[ASC-media] Media release: Scientists warn against ‘clean-and-green’ complacency
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Thu Oct 15 00:19:20 CEST 2009
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:: CRC for Contamination Assessment and Remediation of the Environment
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Scientists warn against ‘clean-and-green’ complacency
Friday Oct 16, 2009
Australians need to avoid complacency about the ‘clean and green’ image widely used to market our food produce at home and overseas, according to a leading Australian contaminant scientist.
Marking international World Food Day on Oct 16, Managing Director of the Cooperative Research Centre for Contamination Assessment and Remediation of the Environment (CRC CARE), Professor Ravi Naidu, said that despite excellent food regulation and safeguards in Australia, we and other citizens of industrialised countries face an unprecedented cocktail of toxic substances in our daily lives.
‘Today the human body has to deal with a complex array of chemicals arriving via our indoor and outdoor air, in our water supplies, and as residual chemicals in our food supply’, Professor Naidu said.
‘At no time in its evolution has the human body had such an onslaught of unfamiliar and toxic substances to deal with’.
We are also inventing new substances every week that can enter our tissues and organs long before medical science can fully understand what their future effect may be, he said.
‘For example, we simply don’t know enough about the rapidly increasing range of nanoparticles being used in the manufacturing sector, or how they will behave in our bodies or affect our health’, Professor Naidu said. Nanoparticles are present naturally in the environment, but we are also inventing lots of new ones.
Australian food producers have an enviable global reputation for being clean and green, which helps us compete in international markets, Professor Naidu said.
However, we are also heavy users of chemicals and fertilisers - not to mention big consumers of fossil fuel per kilogram of food produced.
‘We must avoid complacency about the ‘clean and green’ reputation of our foodstuffs’, Professor Naidu said. ‘We may not be quite so clean nor quite so green as we like to think’, he said.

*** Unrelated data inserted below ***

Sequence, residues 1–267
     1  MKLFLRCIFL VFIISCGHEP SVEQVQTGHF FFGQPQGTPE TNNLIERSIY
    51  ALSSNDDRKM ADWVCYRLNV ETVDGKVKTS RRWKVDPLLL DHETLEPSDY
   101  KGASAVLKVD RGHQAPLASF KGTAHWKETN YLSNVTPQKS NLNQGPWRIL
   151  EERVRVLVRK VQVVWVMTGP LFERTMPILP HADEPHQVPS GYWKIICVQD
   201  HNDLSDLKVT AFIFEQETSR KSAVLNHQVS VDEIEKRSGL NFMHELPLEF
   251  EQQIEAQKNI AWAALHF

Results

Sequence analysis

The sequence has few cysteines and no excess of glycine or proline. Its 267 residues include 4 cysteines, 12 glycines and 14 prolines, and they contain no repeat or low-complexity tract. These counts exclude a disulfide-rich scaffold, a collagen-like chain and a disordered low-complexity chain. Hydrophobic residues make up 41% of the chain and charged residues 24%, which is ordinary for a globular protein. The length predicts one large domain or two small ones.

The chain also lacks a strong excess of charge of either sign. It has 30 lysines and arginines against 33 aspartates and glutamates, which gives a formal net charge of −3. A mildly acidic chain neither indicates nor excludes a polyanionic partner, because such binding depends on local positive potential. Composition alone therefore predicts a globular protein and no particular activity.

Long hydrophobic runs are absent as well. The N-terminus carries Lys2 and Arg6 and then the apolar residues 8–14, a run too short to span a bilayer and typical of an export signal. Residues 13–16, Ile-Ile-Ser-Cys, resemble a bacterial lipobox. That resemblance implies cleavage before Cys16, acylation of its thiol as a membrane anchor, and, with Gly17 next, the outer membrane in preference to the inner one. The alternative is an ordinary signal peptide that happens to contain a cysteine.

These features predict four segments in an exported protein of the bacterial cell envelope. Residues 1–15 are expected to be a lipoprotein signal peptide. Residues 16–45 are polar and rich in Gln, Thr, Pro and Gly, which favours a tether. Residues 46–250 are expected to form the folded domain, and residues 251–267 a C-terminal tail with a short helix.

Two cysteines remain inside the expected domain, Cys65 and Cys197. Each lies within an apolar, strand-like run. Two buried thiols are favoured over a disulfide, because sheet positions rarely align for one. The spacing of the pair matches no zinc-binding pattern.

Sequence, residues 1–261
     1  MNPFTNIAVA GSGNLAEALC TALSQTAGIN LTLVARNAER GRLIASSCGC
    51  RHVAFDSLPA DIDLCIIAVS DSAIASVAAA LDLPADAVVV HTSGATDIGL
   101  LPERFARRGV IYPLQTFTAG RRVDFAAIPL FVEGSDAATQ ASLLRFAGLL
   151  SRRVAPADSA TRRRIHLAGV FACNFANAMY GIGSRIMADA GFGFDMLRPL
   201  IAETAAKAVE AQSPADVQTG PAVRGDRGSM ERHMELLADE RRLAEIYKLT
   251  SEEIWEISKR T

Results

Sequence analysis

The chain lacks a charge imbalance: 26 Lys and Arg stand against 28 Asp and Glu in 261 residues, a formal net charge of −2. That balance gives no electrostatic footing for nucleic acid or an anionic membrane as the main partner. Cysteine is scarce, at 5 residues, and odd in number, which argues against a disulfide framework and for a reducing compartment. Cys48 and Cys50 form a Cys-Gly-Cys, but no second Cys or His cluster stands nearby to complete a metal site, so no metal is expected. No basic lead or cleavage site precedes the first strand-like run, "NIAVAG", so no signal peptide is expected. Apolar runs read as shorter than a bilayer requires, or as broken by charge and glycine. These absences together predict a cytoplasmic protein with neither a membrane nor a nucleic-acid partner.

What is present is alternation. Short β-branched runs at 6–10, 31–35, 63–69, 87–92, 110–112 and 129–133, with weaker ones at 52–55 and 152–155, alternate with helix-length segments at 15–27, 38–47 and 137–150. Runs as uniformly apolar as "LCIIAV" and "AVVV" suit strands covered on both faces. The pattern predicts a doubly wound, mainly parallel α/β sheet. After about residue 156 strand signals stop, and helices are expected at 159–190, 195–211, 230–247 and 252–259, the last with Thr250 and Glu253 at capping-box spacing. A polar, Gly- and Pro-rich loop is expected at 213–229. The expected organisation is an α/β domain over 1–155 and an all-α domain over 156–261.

‘As well as the new types of chemicals and materials, we need to keep educating industries and consumers about the risks that existing common contaminants represent to our soils and water and therefore our food.’
The huge release of lead dust in Esperance in 2007, the long-term fallout onto crops and grazing lands from smelters, the dust from exposed mining operations blown long distances, and the leaching from generations of poorly managed arsenic cattle and sheep dips, landfills, petroleum tanks and other pollution sources are all common examples of existing contamination, he said.
‘We know about these, and we can even get a bit blasé about them’, Professor Naidu said.
‘We need to remember that in the long term it is more likely that science will discover precisely how these materials creep into our food supplies and injure us than come up with easy and cheap solutions to restore our damaged health’, he warned.
We need to remain vigilant about the quality of the soils and water that produce our food and what we add to them, whether on purpose or by accident, he said.
In addition to home-grown problems, Australian consumers also face real risks from imported foodstuffs that are poorly regulated in the country of origin. The presence of mercury in some imported fish products is an example. Some Asian vegetable imports may also be grown under conditions that would not be acceptable in Australia.
Professor Naidu said that our growing cities are encroaching on what was once our most productive market garden land, while freshwater supplies were shrinking and energy costs escalating. Yet at the same time we were deliberately increasing the Australian population at the fastest rate in the developed world.
‘This is going to lead us into increasingly intense forms of food production which carry with them extra risks of contamination from chemicals and fertilisers’, he said.
An example is the risk of endocrine disruptor chemicals entering our food chain when we irrigate with recycled wastewater.
‘Whether we are talking about unknowingly growing our vegies in backyards that used to be industrial land, or in soil polluted by old waste from careless businesses, or about large areas of dry or irrigated farmland, we cannot afford to relax measures that prevent food contamination.’
Professor Naidu said that rapid new sensors of toxic metals being developed by his CRC could make a real contribution to future food safety.
‘World Food Day ought to be a reminder to us all that our own health, as well as our ability to earn revenue from food exports to a hungry world, depends on the care we take to avoid contamination’, he said.
Professor Ravi Naidu, CRC CARE, 08 8302 5041 or 0407 720 257
Peter Martin, CRC CARE communication, ph 08 8302 3933 or 0429 779 228
peter.martin at crccare.com
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